If you are pulled over by police in Philadelphia, the following is what you should know regarding how to stop and pull your vehicle off to the side of the road. To learn more about your DUI stop call and schedule a consultation with a DUI lawyer in Philadelphia today.
The most important thing is under any circumstance when an officer pulls behind an individual, and puts their lights and sirens on, the individual must abide by all motor vehicle codes. So the first thing an individual needs to do and the motor vehicle code indicates is to find the nearest available safe location to pull their vehicle over.
So that would be immediately to the right curb side so that the officer feels that the individual isn’t trying to flee and the officer feels that the individual is abiding by the lights and sirens. If the person is in a location where it’s very difficult to pull over or impossible to do so under the circumstances, the officer will follow the person and the person should drive slowly. The officer will follow and then at the first available safe spot the person has to safely pull over.
At no time should an individual accelerate or try to get away from the officer. The individual should follow all necessary safety rules to make sure their vehicle is pulled over safely and they abide by all motor vehicle rules. The reality is that if a person is later going to challenge the legality of the stop made by police, this is one of the most important factors to look at: did the person act reasonably upon the officer attempting to pull them over?
If the person did, that can be a significant benefit. Obviously your judgment is not impaired if you feel that you pulled right over, you cooperated fully with the police in a safe manner, and you did not place yourself, your passengers (if any), or the police officer in any jeopardy or in harm’s way.
Under those circumstances where a person is being pulled over in the evening and the person feels there’s limited lighting and doesn’t want to pull over, a person may feel that it’s okay to go a further distance before they pull over.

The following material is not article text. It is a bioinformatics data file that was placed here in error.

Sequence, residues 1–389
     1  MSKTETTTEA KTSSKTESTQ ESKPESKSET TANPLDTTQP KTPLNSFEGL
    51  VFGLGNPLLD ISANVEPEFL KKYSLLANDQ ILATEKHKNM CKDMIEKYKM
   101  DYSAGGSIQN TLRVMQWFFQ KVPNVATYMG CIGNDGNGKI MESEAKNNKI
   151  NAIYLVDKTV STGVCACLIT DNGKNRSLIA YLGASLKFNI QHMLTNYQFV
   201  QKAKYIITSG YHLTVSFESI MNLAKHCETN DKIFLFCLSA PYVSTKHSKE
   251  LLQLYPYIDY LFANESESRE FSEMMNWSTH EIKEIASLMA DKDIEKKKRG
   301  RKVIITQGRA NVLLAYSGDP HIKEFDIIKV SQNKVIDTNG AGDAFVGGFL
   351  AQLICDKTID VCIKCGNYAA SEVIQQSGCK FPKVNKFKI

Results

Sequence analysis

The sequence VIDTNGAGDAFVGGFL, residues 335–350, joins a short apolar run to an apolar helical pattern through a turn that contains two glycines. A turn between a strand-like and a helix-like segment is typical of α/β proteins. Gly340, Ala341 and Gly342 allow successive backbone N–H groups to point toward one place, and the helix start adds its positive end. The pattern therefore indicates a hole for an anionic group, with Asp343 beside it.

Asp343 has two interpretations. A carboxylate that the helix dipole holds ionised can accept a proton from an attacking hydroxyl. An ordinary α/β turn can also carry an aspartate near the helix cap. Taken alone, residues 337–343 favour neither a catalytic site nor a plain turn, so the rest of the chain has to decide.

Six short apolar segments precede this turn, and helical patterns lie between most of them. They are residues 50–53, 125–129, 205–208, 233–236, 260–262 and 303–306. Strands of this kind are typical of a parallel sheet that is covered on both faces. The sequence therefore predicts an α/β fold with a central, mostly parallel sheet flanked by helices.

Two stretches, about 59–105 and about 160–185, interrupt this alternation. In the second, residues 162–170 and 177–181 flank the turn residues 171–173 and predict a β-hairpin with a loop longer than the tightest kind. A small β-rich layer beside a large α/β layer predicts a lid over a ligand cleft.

However, most police cruisers have spotlights that more than illuminate the roadway and/or side of the roadway. So under most circumstances, when an individual is being followed by a police officer in a marked car, with lights and sirens on, there’s more than one spotlight on the individual. The individual should have no problem pulling over immediately to the side of the road.
I would only recommend a person continue driving to a safe location when something other than darkness prevents the individual from pulling over. For instance, being on a bridge where there’s only two lanes and there’s really no lane of traffic to pull over in.
Under that circumstance, it would be reasonable for an officer to believe that a non-intoxicated person would then continue to the end of the bridge and immediately pull over without speeding, without causing any possible danger to themselves, their occupants or the officer pursuing.
In fact, under those circumstances, a person might even be viewed as not intoxicated and capable of safely operating a motor vehicle because it’s clear that the person understand the dangers and is applying what the person knows in a very logical way in pulling their vehicle over.
So in a lot of ways, that can help a person defend themselves and prevent an officer in some cases from even asking for a person to give blood or a breathalyzer.